||WWII - the New Guinea Campaign and images from the island
Joined: Aug 24, 2008
From: Elk Grove, CA
|Posted: 2010-06-13 10:24 am  Permalink|
This is a great topic. I saw this book at the Aircraft Museum in Hawaii. It illustrates the wonderful artwork painted on the fighter planes.
Don't you think it would be quite appropriate on any Tiki coffee table?
Joined: Jun 29, 2010
From: Anaheim- Home of The Enchanted Tiki Room
|Posted: 2010-07-03 02:25 am  Permalink|
Amazing stuff...I posted this elsewhere, but it fits here too...
I'm going to try to find a picture my Dad had of his Marine buddy Frank standing next to a topless native girl while they were stationed on the island of Apemama in the Tarawa Atoll during WWII...if my Mom can find it, I'll scan it and post it.
Keep on Rockin',
A Budhist walks up to a hotdog vendor and says "Make me one with everything".
Joined: Apr 09, 2003
From: LA-2547 mls east Hawaii &5500 Easter Is
|Posted: 2010-07-03 2:21 pm  Permalink|
My dad was in PNG during WWII.
He had a photo or two of a topless local.
He hated being there.
Mildew everywhere; uniform never dried; and being isolated from the real war (although I am fortunate for that part).
Joined: Apr 27, 2005
|Posted: 2010-07-03 6:41 pm  Permalink|
Great stuff. Here is a site with the story of the recovery of a very rare P-61 Black Widow night fighter from the mountainous jungles of New Guinea. I was lucky enough to hear the story of the recovery firsthand years ago and handle some artifacts that were recovered.
"Anyone who has ever seen them is thereafter haunted as if by a feverish dream" Karl Woermann
[ This Message was edited by: uncle trav 2010-07-03 18:41 ]
Joined: Nov 16, 2007
From: Santa Barbara, CA
|Posted: 2012-01-09 8:40 pm  Permalink|
Here is a cool photo of three servicemen at the "Camp Tiki" sign.
Joined: Jul 17, 2009
From: central coast metro Chicago
|Posted: 2012-01-15 7:43 pm  Permalink|
An era of which the people, places, machines and events will live on forever...
Joined: May 18, 2003
From: Alta Loma, California
|Posted: 2012-01-16 12:08 pm  Permalink|
My Dad (soldier on right)storming the beaches on Wakde Island in 1944 . This was published in Yank Magazine of that year . He sent a copy to my mother and wrote "Guess who? Your'es Truly".
Joined: Feb 17, 2012
From: Island of O'ahu
|Posted: 2013-06-20 05:28 am  Permalink|
I posted in another thread this great book that Iím reading "Hollywood's South Seas & the Pacific War: Searching for Dorothy Lamour" and it fits well with this thread because it covers a lot about Western WWII soldiers in New Guinea. The book is about these soldierís prewar expectations fueled from Hollywood South Seas movies especially Dorothy Lamour films and their real war experiences especially in New Guinea and other islands of Melanesia. A must read. Interestingly one part of the book is that the authors alluded to the strange phenomena of U.S. G.I.s expecting Dorothy Lamour on the islands but seeing the reality was very different BUT their prewar Hollywood expectations continued after the war.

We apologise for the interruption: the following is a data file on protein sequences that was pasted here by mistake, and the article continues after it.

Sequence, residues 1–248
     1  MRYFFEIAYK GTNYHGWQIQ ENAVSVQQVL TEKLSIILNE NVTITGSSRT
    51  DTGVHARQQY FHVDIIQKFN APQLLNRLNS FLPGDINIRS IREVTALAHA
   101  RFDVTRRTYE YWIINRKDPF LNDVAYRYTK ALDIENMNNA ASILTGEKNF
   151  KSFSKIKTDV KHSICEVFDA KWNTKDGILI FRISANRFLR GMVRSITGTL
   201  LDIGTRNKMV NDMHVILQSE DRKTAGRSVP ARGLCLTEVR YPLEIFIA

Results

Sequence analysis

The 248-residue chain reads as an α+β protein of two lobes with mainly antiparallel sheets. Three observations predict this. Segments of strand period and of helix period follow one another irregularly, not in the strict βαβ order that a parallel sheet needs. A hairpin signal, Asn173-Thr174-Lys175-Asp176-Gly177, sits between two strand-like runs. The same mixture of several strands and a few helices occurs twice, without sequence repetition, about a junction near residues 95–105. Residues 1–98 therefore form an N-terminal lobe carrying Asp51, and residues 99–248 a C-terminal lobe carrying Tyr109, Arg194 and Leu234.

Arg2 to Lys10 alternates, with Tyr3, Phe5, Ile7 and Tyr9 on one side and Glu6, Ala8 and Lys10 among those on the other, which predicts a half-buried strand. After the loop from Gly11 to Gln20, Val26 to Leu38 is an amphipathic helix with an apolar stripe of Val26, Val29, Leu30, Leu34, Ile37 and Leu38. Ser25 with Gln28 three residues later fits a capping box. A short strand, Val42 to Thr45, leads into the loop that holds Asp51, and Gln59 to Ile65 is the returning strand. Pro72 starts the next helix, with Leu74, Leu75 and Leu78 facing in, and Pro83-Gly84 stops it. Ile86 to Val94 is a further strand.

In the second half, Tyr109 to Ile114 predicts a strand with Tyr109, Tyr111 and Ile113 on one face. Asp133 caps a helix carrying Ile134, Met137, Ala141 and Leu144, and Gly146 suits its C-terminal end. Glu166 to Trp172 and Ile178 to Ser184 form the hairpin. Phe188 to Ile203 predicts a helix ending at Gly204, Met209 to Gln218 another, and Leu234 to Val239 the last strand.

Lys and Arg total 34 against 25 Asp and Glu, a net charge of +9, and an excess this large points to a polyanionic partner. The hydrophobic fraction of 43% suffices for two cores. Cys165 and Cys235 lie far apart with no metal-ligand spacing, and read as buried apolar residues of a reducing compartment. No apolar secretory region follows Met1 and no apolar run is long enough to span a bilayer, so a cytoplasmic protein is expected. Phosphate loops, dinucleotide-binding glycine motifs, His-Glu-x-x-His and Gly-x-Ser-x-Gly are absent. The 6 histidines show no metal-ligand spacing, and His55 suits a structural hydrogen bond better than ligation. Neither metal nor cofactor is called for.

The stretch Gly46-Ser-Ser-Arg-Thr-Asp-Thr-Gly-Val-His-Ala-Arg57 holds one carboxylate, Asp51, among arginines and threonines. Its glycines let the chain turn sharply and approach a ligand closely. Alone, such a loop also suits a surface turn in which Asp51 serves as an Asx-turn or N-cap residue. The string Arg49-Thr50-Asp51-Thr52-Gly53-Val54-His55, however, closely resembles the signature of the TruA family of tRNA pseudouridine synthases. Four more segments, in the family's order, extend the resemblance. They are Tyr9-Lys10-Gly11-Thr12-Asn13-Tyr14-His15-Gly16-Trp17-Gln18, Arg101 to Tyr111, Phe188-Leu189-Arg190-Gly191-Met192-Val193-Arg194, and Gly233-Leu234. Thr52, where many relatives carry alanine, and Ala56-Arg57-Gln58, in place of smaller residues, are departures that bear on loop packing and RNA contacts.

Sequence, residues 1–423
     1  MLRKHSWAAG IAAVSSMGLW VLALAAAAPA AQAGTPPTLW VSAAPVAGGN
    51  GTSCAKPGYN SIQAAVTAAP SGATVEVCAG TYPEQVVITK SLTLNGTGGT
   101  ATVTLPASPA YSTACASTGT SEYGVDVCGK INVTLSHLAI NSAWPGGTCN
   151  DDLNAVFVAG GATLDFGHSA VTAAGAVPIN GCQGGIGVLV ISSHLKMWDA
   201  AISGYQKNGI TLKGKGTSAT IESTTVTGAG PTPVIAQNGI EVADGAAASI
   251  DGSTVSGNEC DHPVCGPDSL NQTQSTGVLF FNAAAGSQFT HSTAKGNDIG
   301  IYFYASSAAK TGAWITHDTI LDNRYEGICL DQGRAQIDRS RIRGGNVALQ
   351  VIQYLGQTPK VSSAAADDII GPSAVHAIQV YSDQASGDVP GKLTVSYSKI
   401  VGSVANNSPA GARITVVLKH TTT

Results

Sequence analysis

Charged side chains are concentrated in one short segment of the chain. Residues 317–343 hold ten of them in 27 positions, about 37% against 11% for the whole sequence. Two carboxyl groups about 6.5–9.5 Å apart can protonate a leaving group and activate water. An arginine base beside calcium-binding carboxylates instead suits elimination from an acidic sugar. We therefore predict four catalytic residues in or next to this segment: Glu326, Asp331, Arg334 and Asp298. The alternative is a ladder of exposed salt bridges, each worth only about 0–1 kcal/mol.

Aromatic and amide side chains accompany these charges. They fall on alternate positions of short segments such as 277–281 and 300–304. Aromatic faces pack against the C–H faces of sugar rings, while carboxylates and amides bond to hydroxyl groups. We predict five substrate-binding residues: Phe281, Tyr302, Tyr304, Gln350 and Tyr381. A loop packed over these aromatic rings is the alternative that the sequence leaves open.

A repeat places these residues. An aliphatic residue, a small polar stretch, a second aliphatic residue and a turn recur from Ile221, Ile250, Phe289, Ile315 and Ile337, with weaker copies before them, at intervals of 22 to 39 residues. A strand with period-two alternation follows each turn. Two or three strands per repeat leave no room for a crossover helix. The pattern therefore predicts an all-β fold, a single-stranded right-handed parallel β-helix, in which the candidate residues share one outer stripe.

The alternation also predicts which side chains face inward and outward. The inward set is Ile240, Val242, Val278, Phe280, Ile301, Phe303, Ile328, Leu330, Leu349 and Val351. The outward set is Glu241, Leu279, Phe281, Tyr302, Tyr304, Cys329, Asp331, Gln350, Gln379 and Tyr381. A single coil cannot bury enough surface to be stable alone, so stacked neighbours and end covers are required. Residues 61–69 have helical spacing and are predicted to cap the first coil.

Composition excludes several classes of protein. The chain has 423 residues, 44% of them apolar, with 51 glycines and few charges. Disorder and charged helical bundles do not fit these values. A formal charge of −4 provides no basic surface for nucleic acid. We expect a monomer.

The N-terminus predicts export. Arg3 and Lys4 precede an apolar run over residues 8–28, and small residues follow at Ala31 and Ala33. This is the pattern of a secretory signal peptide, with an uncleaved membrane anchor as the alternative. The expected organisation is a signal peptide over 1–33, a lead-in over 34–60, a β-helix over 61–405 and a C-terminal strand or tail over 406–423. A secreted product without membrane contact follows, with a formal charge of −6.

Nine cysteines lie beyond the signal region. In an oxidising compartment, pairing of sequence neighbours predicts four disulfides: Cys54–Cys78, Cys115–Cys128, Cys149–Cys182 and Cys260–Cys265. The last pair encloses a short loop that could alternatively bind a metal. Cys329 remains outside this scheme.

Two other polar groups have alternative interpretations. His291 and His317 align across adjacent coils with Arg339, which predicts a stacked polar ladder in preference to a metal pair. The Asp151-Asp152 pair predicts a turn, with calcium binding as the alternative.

Some talk on TC on how important the G.I. in the Pacific really was to the tiki movement later. I think these soldiers were very influential just not the direct way one would think. I reason cheekytiki hit on something on page 1 of this thread, the Officers Tropical Club. In my research I have run into others besides in Bikini. One of my favorite stories was in Guadalcanal. Most people donít know was that after the horrific battles there Admiral Halsey built the biggest rec & recreational center in the Pacific, with a gym, hospital, supply warehouses, ball fields and of course a nice Officers Club. At the club only three people could get in, the officers of course, the nurses of any rank and the Hawaiians from a battalion that generally worked in the warehouses. Why Hawaiians, because they were the hosts of the club, the entertainment, the atmosphere. I contend that this is one way future Tiki bars started. Another theory was that as you know in every group there is one guy or gal that wants to stop and smell the roses. He or she wants to slow down and absorb the local culture. Same in the rank and file. Check out Malickís A THIN RED LINE and note the scenes where Caviezel and a fellow soldier where hanging out with the natives swimming and canoeing while everyone else were back in their their tents complaining about how hot and miserable they were. Hey maybe one in 100 soldiers where like that but thatís 10,000 G.I.s who return home with an actual love of the South Seas. Another theory that even a 15 year old would agree too is that yeah, war was hell but normally a humanís brain will shove negative feelings to the back and only choose to remember the positive stuff no matter how small these experiences were. Despite the horror and gore of war there are some good memories also. Either way a tiki bar is the best place to escape. I wonder what the percentage of men on the front was as compared to men in the back in support. Finally I think the founders of tiki style whether veterans or not where influenced by war newsreels and the debate of Hawaiiís statehood. Bottom line is money and I theorized that the 1 million Pacific war vets where a huge market to consider and approve funding for any tiki venture.
Following the links, next stop Kailuageoff's Frances Langford's Outrigger, Jensen Beach, FL (restaurant)
Tiki Movies & Tiki TV @ southseascinema.org
Grand Member (3 years)
Joined: Jan 16, 2010
|Posted: 2013-08-04 10:50 pm  Permalink|
Creativenative, I'd love to read that book but it sure isn't cheap! Looks like this is the place to post this photo I came across...
"October-Nevember 1944: Segundo crew members enjoying some much deserved R&R on Majuro atoll following their first war patrol",
Trader Vic's in the Marshalls .
A welcome to Majuro from the sub tender USS Gilmore's band. Looks like Majuro was a sub base during WWII and a place for some fun too.